You probably can’t beat dubbing with a multi-track from a live band, reel-to-reel studio and assortment of hardware such as delay machine, dub siren and phasing pedal; then again not all of us have the time and resources for such things. As an amateur dubber in the modern world, many of us turn instead to the computer and the DAW.
A DAW (Digital Audio Workstation – FLstudio, Reason, Cubase, Acidpro etc) uses plug-in programs called VSTs (don’t worry, no trip to the sex clinic needed, it means Virtual Studio Technology) to emulate everything from instruments to compressors to effects pedals. But if you don’t have the resources to buy the hardware equipment, who says you have the resources to splash out $500 (£320 in real money) on a Native instruments VSTs bundle?
Luckily for us botch-jobbers there are also many enthusiasts out there with some programming ability and an altruistic bent, who make freeware VSTs. For others, they give away their minor or lesser-abled VSTs in the hope of attracting customers to buy their superior VSTs. Whatever the distribution reasons, you can produce top-quality music via the DAW without having to dole out a penny.
I’ll run you through some of my favourite freeware VSTs that I use in the process of making reggae/dub, in no particular order. If you have any that you particularly enjoy using please share them below in the comments section!
The first of a few Interruptor VSTs I’m going to introduce, the Wow and Flutter module is designed to give any track you lay it on a tape-style sound.
There are two ways in which it can be used: the first is subtly, to create a richer track, with slight organic variations in tone. To achieve this, you want your coarse levels down to zero, your fine levels probably low or at zero as well, and your wow, mid and flutter not up too high either. Press dual mode and set your 2nd wows, mids and flutters at a different level. Now your track will vary ever so delicately in speed and tone, as when played on a tape. With the dual mode, you will also notice a stereo-ising effect, all of which lends depth to your track. Decide if you want the flange effect. This will unify your left and right outputs a bit, and leave your track with a thicker sound. Drop it on electronically composed melodies/drum tracks to avoid the ear-fatigue that can be produced by repetitive, identical noises. I find it also works beautifully on, for example, recorded melodica to give that old-school track-from-the-past-vibe.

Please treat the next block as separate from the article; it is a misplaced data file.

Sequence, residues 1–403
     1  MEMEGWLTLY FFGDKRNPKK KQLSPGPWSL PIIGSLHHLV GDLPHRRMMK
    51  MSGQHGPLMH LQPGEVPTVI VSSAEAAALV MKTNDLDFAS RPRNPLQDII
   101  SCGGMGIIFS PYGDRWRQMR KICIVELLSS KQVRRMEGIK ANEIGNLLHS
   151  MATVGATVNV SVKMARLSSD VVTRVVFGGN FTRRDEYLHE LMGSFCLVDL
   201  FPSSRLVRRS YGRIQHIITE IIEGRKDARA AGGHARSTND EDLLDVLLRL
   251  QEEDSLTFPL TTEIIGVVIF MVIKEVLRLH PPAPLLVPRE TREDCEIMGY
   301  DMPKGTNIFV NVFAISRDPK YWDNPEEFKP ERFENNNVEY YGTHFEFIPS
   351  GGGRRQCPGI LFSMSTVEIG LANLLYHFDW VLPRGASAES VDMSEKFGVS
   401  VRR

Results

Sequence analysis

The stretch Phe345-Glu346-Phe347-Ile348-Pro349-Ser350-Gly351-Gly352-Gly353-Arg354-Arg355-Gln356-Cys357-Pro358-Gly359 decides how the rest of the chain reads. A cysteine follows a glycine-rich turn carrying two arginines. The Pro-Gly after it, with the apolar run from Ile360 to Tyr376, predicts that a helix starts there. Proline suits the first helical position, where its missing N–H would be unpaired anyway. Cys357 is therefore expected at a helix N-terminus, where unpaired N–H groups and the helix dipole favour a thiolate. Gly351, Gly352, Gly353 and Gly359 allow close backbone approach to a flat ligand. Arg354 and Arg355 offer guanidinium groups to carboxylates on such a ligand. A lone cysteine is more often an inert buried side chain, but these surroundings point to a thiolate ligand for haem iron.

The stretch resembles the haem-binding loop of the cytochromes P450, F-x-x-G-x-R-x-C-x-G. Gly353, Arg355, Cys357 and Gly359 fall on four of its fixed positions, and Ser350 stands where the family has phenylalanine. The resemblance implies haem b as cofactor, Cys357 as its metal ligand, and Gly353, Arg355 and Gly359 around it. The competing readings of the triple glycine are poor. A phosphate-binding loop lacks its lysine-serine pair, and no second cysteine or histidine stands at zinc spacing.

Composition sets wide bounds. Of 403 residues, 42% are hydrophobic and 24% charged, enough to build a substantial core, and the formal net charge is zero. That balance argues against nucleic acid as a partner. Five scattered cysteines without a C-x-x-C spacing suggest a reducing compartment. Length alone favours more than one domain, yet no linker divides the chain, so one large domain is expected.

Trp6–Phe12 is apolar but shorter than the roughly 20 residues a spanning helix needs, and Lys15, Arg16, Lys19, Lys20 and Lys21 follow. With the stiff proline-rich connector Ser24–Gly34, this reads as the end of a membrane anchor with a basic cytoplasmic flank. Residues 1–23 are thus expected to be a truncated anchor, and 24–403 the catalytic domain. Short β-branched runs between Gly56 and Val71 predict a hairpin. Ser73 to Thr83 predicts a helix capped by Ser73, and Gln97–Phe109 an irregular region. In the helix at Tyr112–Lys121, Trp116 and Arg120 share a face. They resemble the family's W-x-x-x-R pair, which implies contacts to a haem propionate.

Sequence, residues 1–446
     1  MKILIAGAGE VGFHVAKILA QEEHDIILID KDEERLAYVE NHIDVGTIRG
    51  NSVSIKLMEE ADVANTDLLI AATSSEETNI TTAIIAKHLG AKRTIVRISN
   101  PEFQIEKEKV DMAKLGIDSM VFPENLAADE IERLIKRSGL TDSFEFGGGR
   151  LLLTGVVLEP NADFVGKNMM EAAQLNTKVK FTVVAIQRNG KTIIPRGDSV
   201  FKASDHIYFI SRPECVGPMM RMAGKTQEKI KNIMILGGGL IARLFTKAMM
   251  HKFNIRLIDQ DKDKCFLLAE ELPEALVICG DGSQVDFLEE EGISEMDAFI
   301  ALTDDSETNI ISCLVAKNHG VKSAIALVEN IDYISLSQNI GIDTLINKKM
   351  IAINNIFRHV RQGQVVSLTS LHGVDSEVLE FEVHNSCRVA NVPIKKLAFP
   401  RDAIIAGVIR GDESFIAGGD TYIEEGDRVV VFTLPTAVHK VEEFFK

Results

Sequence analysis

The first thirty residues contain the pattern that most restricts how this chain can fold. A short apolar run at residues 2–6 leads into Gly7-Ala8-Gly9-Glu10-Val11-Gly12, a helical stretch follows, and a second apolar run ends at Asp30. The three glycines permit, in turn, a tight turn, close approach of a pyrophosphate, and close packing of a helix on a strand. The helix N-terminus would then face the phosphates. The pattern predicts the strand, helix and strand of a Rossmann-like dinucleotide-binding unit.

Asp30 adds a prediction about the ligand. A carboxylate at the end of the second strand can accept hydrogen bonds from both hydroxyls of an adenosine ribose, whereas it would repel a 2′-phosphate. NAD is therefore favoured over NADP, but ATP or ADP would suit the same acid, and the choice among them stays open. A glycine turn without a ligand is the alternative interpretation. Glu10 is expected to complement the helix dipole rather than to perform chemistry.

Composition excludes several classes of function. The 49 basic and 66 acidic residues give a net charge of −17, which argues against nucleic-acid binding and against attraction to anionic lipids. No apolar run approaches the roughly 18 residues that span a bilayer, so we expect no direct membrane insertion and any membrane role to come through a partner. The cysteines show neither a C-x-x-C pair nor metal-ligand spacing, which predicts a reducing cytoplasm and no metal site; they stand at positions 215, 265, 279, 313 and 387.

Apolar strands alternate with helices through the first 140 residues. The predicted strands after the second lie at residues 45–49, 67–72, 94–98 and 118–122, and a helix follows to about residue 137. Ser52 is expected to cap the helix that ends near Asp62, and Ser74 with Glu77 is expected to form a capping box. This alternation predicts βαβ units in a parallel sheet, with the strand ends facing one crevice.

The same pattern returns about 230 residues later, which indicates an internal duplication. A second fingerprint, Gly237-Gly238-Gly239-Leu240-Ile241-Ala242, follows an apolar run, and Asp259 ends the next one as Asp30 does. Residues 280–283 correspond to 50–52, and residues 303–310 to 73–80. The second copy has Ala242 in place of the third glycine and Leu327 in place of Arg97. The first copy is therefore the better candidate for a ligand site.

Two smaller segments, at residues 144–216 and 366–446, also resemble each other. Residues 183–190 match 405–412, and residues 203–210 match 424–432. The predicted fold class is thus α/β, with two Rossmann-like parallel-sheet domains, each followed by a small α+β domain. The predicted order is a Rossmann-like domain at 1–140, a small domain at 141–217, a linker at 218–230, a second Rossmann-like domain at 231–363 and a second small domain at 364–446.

The second thing you can do with the Wow n Flutter is to wang the controls about madly to create some crazy squelches and rewinds. If that’s your dubbing style. Have a fiddle with it.
PS, the test tone I haven’t found a use for… perhaps if you want to test your effect on a single tone before unleashing it on the track… anyway, a top notch VST for your collection.
In place of (or in conjunction with) tape modelling we can do a bit of vinyl modelling. There are several vinyl emulators out there, but this is my favourite free one. Again I tend to use this one subtly, taking down the the dust count and dust level to zero, distortion between 0 and 2 and gain between 0 and -2. Then I select between 70s and 80s modelling – depending on whether I’m making an old-school organic sound or sleng teng digi-dub. Drop it on the end of your master, or simply over one track such as your bass to create a woolly, warm reggae sound.
Also good for adding, a dusty old sound to your track. Turn up the dust knobs I told you to turn down in the first paragraph. Automate variations for a more authentic feel. The clever among us will automate a recurring dust peak using the top three knobs every 1.33 seconds (45rpm), or every 1.79 seconds (33.5 rpm). That should fool ’em!
This is not necessarily the best free guitar amp emulator out there, although it can produce some good ol’ guitar sounds if you mess around with it. But no. I like this VST for one reason and one reason only – the bass cab. Dropped on, for example, the (by itself) naff-sounding Boo Bass in FLstudio it gives you a pretty decent organic sounding bass. Decide on the cab size and set levels like a normal bass amp. There’s also a guitar cab, reverb, fuzz, compressor and even a tuner that you can look at utilising if the bass amp isn’t enough for ya. That’s all I’ve got to say on it really, muck about with it for your own delight.